After three years of preparation, the tribunal limited the total time allowed for direct examination of each witness to twenty minutes, and allowed seventy minutes for cross-examination. Experts were limited to a presentation of thirty minutes with one hundred minutes reserved for cross-examination. But the procedural rules imposed by the tribunal on the parties were not extended to the arbitrators themselves.  The tribunal reserved, and exercised, the right to ask unlimited questions of any witness, expert, or attorney.

To prevent the parties from exceeding the scope of the previously disclosed documents and statements, Claimant and Respondent were each required to provide a “hearing bundle” (hard copy of all documents ever submitted) to the tribunal. Both the tribunal and the parties also used each party’s hearing bundle exhaustively as a “quick” reference for clarification, verification, and impeachment. Claimant’s hearing bundle consisted of four fully-packed banker boxes, weighing approximately sixty pounds.  One of the unforeseen challenges of the venue was protecting sixty pounds of paper from the Paris rain.

At the close of the hearing, the tribunal requested additional post-hearing briefing to apply all facts and arguments to the relevant portions of the contract law of Iraq. Because Iraqi laws are not written in English, each party worked from the same translation, which likely prevented the numerous issues which would have arisen in the event each party provided its own translation of the original Arabic. Translating Arabic legal language into English made for unintended interpretations, as did the influence of Iraqi culture on the construction of the relevant statutes. It is undeniable that certain aspects of Iraqi law are unique and distinct from the standard language found in the principles of United States contract law and any direct translation will lose some of the original meanings.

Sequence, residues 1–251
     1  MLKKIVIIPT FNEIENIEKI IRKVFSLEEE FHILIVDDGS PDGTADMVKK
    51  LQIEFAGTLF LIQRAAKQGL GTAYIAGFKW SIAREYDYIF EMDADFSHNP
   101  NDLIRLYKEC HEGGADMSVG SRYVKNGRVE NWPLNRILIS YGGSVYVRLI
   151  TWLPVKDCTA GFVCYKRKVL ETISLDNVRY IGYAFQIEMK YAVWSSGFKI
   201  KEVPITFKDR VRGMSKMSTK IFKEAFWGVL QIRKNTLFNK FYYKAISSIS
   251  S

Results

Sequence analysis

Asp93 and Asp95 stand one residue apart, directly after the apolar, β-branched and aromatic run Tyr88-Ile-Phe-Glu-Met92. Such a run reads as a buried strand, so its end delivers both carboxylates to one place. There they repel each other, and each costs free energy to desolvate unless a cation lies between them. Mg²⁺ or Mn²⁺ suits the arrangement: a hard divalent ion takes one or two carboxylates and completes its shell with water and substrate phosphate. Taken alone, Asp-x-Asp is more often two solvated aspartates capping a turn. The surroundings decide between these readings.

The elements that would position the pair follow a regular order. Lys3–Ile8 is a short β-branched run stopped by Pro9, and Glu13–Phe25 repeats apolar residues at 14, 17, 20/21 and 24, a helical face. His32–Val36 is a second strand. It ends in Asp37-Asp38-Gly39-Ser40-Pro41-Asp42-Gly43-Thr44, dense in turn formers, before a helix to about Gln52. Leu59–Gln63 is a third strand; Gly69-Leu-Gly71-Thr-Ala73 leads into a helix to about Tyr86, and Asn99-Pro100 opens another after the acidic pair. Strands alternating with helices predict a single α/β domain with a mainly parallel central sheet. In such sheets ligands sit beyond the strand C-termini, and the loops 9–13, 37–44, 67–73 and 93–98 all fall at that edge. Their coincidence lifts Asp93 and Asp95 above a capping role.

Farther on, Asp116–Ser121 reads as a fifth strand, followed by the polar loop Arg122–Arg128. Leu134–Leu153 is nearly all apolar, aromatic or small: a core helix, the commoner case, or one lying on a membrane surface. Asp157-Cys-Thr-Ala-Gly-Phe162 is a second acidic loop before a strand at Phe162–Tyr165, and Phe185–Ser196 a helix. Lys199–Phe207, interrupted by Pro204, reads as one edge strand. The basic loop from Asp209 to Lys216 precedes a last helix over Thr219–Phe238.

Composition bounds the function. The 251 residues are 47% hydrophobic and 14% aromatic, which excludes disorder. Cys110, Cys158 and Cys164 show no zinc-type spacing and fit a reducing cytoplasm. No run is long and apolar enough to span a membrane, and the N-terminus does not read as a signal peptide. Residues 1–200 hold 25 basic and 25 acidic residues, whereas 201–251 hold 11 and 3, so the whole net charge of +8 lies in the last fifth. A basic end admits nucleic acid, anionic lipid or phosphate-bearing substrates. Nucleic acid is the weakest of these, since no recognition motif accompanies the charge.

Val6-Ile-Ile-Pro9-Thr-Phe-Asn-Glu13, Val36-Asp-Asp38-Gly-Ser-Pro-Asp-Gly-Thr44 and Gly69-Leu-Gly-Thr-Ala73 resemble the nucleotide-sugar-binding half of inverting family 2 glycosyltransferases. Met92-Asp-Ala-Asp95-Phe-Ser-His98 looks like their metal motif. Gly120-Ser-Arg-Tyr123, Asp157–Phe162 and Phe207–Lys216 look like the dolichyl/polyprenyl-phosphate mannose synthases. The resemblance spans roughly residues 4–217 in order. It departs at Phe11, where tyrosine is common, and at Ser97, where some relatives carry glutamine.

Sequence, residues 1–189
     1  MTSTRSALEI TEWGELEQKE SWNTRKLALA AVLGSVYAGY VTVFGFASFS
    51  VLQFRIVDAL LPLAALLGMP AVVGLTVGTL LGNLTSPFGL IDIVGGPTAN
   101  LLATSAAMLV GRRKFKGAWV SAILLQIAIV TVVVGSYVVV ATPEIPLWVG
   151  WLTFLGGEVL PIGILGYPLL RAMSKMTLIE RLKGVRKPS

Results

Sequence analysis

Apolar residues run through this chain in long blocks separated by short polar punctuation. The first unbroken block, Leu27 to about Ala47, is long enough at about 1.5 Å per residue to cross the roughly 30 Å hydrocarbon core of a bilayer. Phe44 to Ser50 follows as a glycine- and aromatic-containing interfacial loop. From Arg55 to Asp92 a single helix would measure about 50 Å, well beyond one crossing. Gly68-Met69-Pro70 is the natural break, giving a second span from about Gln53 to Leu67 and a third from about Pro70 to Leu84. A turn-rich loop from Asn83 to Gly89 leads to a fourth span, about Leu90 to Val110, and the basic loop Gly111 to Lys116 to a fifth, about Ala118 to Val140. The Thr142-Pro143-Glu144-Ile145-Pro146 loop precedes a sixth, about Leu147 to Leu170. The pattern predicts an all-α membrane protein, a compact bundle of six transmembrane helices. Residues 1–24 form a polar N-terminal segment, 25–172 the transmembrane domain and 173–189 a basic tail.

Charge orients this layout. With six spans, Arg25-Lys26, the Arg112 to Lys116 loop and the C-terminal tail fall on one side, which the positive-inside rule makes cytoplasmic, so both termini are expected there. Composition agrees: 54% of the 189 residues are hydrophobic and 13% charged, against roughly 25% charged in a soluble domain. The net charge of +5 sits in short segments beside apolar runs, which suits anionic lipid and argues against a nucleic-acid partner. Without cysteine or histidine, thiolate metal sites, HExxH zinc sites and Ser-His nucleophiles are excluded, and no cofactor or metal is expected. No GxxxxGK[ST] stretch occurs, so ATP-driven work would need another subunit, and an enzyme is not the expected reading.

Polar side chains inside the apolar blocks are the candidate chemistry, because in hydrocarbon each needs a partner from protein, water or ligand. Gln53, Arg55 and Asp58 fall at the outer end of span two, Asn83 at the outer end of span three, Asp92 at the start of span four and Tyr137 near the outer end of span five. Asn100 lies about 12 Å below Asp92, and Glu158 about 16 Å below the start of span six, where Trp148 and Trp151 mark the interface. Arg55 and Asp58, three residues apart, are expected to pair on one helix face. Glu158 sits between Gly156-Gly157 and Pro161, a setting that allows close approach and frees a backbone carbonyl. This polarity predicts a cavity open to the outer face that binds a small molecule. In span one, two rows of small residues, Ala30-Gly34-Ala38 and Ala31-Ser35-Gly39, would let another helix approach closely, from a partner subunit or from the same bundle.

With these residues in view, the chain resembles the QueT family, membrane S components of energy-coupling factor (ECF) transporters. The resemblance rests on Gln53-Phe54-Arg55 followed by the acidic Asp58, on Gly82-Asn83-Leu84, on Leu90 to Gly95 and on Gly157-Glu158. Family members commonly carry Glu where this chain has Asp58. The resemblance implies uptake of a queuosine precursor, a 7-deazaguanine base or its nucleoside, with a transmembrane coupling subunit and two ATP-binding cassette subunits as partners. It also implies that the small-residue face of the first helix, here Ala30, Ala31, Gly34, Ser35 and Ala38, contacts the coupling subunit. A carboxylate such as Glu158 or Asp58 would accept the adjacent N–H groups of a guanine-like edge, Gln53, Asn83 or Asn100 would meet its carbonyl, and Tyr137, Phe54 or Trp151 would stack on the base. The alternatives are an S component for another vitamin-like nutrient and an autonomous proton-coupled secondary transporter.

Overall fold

For example, the parties exhaustively briefed Iraqi Civil Code, Article 155 which states, “(1) In contracts, intentions and meanings must be implied and words and forms (constructions) must be disregarded. (2) Basically words imply the reality; but if the truth is impossible they will imply the metaphor.”  Additionally, Article 156 states, “The truth is left out (disregarded) where custom indicates otherwise.” The annotation to Article 156 clarifies “For example: a man who asked his servant to fire the lamp did not mean to burn the lamp; what he actually meant was to light a candle which is within the lamp; the usage being in that area to say fire the lamp; so the true meaning of fire is left out (disregarded) because usage indicates that fire means sparking the light of the candle within the lamp.” As you can imagine, the above language leant itself extremely well to more than one interpretation in the briefing.  

Even among other arbitration cases, this case was unique in that several essential documents were missing, multiple witnesses had died or disappeared, and there were multiple occasions when a witness refused to answer a particular question or clearly gave a false and prepared answer.  For a contract period that extended from 2005 to 2010 and was marked by war, corruption, and changing authorities, it is foreseeable that nuggets of truth will forever remain hidden. In making its final award, the tribunal was tasked with reconstructing the facts and timeline, but was denied the sufficient tools to do so.  It truly should be credited with all accolades for being able to make sense of the case at all. After the final accounting in the eighty-five page decision, Claimant prevailed and was awarded one third of its requested relief.

See the article in print form by clicking here.

Brian Riekkola